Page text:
Today was declared a VQ holiday in lieu of the fact that my friend and sometimes roomie scored some tickets to the first day of the Matisse exhibit at MOMA. So the gallery remained closed this Sunday and I’m not sure what those poor socializers did with their afternoon. But I’m not about to worry because I found myself in a state close to artgasmic.
“Matisse: Radical Invention, 1913–17” runs through October 11th at the Museum of Modern Art in New York. The exhibit is a stunning collection of over a hundred paintings, sculptures, and sketches done by Henri Matisse between 1913 and 1917. This is the early so-called dark period of Matisse’s career, so you can see the draw for me right there.
Of all the works two paintings stand out in my mind, two works with totally different looks. The first is “Flowers and Ceramic Plate" (p) which was painted in 1913. Almost the entire canvas is a stunning blue with a green ‘plate’ suspended above a vase of red and orange flowers. I can’t really convey the shade of blue, close to a palatinate blue, but it is so totally dazzling that it seems to fill the entire gallery with blue light. I had never seen this painting before as it is owned by the Städel Museum in Germany and I was a bit in awe of it. One of those paintings that you can not really see in a photo.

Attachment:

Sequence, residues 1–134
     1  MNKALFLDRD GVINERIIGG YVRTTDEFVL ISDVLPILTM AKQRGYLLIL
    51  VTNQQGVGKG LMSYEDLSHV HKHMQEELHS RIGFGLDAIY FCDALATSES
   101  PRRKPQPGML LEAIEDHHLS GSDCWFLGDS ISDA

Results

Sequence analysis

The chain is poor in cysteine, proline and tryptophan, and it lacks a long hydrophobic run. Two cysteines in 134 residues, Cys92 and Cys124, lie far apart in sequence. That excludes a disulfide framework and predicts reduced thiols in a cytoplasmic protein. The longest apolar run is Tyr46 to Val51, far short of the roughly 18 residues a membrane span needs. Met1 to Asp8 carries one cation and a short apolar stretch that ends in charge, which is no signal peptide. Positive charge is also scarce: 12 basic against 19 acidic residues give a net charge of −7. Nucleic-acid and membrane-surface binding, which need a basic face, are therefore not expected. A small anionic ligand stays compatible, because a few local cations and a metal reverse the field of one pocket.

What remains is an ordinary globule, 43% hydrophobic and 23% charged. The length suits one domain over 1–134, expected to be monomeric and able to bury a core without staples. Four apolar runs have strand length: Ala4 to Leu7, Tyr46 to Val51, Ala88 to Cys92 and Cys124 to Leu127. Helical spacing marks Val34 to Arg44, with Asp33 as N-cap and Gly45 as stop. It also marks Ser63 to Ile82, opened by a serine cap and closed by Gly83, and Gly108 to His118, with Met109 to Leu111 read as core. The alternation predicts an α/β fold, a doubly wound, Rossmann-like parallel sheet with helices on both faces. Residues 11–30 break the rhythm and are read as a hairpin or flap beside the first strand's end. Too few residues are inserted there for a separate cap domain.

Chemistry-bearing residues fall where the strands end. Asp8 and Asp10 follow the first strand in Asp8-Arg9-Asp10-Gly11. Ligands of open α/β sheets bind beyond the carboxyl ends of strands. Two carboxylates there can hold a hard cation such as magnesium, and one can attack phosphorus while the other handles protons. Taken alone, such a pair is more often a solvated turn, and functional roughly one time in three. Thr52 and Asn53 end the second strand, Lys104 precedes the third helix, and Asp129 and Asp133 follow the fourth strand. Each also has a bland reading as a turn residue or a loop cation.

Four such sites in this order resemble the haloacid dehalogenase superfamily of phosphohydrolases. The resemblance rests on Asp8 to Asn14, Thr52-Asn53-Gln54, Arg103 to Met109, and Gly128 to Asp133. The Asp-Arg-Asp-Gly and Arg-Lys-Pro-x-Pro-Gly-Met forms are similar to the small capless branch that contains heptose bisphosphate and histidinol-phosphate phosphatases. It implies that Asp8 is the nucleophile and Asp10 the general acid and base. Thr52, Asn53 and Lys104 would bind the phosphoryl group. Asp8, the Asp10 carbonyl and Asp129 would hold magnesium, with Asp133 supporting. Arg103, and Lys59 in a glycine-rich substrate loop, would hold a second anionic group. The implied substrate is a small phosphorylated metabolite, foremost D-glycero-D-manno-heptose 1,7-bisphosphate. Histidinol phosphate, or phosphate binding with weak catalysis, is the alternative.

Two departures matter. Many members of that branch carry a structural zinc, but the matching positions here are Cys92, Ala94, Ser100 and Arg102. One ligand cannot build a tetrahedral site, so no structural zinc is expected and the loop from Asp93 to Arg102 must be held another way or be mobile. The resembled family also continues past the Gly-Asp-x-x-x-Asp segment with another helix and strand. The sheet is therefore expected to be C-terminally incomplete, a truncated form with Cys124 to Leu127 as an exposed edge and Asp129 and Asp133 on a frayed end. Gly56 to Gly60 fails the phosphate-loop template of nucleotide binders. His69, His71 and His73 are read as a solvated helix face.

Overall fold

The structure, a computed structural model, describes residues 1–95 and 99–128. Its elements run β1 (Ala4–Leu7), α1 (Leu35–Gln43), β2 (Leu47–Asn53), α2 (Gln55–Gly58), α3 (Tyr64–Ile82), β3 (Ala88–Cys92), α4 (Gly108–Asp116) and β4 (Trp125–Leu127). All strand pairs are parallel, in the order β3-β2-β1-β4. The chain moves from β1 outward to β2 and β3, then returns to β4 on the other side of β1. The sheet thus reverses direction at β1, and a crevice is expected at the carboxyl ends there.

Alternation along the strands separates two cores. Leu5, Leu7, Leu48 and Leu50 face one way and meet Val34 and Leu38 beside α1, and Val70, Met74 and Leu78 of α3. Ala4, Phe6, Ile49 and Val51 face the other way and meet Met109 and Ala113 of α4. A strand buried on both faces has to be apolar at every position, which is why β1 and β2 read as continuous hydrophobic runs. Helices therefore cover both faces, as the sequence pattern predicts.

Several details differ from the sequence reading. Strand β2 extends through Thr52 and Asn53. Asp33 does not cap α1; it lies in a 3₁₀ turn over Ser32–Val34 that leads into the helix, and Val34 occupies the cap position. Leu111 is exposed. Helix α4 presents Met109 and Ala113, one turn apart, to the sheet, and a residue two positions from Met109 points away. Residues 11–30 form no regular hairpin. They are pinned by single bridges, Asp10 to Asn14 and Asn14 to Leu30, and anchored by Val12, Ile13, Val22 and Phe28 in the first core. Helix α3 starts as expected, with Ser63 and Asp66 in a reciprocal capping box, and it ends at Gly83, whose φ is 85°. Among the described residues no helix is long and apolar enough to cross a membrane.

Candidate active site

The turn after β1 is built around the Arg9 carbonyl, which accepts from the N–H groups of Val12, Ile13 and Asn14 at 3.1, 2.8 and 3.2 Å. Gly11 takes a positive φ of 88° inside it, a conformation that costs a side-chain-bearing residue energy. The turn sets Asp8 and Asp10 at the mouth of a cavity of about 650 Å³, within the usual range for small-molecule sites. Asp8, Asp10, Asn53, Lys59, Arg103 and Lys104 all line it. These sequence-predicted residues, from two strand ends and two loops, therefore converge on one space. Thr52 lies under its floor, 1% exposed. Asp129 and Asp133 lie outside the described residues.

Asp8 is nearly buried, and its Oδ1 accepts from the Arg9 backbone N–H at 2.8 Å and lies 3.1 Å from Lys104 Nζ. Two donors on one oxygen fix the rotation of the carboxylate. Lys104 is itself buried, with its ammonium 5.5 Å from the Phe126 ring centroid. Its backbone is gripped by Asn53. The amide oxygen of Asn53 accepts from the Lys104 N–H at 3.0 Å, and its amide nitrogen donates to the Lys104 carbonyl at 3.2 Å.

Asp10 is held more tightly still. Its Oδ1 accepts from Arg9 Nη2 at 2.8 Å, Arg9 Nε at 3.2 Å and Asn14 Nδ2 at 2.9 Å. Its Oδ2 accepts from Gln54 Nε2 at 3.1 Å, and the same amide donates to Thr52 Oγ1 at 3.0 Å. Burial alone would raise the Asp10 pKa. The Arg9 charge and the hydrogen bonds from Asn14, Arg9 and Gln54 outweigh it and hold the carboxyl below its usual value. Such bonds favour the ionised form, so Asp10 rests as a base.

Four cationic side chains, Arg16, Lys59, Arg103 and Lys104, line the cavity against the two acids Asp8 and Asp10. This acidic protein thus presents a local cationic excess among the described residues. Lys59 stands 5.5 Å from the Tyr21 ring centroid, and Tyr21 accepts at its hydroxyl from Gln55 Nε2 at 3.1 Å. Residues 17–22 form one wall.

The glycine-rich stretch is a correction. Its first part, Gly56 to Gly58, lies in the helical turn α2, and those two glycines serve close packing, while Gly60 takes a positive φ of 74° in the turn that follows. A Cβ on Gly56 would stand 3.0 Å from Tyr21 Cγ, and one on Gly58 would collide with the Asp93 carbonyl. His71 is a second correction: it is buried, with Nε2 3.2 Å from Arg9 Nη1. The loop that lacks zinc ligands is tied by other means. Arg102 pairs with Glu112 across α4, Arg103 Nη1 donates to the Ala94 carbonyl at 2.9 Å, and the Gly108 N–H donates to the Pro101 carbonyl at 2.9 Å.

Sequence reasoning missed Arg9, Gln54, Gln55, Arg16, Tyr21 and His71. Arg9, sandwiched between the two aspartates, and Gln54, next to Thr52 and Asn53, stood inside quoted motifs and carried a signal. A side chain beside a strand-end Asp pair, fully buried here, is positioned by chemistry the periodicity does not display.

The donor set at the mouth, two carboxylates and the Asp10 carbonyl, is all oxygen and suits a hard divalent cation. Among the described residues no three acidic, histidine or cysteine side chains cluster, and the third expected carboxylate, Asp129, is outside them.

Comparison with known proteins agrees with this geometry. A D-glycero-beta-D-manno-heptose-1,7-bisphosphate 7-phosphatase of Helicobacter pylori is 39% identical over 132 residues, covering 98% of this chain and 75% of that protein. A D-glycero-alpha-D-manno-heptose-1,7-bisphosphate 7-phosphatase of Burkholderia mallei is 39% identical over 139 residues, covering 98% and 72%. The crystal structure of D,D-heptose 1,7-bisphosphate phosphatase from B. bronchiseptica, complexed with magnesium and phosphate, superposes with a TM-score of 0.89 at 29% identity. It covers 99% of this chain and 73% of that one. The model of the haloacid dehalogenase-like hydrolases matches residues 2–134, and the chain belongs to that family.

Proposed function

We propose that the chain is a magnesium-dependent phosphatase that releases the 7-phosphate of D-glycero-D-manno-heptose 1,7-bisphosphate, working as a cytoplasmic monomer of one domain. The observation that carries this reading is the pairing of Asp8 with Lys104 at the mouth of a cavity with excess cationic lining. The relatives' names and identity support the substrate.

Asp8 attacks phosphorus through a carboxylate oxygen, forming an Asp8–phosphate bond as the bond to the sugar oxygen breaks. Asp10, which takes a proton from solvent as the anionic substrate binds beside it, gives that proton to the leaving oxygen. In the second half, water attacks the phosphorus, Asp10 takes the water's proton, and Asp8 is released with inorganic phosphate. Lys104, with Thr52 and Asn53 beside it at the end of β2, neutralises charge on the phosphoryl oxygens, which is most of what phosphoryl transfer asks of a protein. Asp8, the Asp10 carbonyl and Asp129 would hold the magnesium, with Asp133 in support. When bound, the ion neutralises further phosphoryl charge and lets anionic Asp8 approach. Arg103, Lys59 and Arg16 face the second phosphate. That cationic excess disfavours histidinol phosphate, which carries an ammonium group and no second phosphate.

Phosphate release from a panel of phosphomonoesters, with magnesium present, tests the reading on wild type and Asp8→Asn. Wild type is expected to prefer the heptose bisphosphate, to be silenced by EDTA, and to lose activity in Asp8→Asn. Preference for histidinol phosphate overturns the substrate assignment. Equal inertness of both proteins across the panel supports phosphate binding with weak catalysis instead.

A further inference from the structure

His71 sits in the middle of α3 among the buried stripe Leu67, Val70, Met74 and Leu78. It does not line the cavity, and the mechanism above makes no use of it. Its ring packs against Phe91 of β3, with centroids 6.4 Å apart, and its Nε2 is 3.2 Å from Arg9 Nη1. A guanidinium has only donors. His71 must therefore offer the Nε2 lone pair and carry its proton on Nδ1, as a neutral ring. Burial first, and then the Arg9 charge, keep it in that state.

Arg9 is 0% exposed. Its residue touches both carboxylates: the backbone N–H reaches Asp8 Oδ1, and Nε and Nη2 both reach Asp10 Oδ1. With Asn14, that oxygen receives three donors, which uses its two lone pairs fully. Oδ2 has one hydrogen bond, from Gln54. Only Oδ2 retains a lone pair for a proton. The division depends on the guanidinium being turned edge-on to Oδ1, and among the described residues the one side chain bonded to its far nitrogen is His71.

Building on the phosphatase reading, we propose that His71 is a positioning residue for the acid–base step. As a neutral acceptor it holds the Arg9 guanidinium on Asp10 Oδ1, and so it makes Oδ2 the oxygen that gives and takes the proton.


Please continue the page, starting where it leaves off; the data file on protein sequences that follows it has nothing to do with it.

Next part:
The second painting is “Portrait of Yvonne Landsberg” (p) which was painted the following year, 1914. The background of the portrait is as dark as the former was bright. I picture them in a room together with one drawing the light from the other. I am very familiar with this painting as it is owned by the Philadelphia Museum of Art and I have seen it many times. What is fascinating about this painting is the series of arcs around the body, the way Matisse dug into the paint of the black background to further delineate her shoulders and arms. It’s impossible to know but the theory is he used the butt end of his brush to do this. In his book “Matisse Portraits” John Klein described Matisse’s working on this painting as an “extended period of evolution, and the intensive labor suggested by the appearance — scraped, rubbed, scumbled — of the painting itself.” I always wanted to take this one home and I still do.
I could go on and on because there is a little known Matisse story I want to pass on but that will have to wait for another day. I don’t know if the exhibit will travel elsewhere, it has already been at the Art Institute of Chicago, but it is worth seeing if it does.
Charlotte Hatherley - White